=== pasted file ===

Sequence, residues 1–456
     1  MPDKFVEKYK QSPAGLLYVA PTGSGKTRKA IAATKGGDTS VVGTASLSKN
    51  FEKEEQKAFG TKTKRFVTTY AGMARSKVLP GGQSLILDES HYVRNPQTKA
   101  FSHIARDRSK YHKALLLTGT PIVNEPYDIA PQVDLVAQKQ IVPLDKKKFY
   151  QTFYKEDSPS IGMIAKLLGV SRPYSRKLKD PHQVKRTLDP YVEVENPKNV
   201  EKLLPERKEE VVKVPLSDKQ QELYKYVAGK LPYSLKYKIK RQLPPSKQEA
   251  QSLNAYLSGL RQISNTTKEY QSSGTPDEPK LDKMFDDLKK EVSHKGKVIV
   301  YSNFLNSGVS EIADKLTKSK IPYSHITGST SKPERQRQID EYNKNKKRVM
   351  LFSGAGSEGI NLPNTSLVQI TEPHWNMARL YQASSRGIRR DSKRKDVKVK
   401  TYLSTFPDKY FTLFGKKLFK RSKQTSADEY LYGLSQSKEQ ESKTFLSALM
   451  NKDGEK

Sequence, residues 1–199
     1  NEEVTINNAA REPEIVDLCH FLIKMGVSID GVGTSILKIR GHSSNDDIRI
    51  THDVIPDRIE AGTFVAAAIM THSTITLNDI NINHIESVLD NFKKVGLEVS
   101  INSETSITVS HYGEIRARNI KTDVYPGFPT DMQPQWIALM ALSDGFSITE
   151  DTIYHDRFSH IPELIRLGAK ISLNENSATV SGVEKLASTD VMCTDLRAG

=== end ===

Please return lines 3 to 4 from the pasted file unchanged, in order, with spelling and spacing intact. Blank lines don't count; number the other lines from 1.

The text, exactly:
    51  FEKEEQKAFG TKTKRFVTTY AGMARSKVLP GGQSLILDES HYVRNPQTKA
   101  FSHIARDRSK YHKALLLTGT PIVNEPYDIA PQVDLVAQKQ IVPLDKKKFY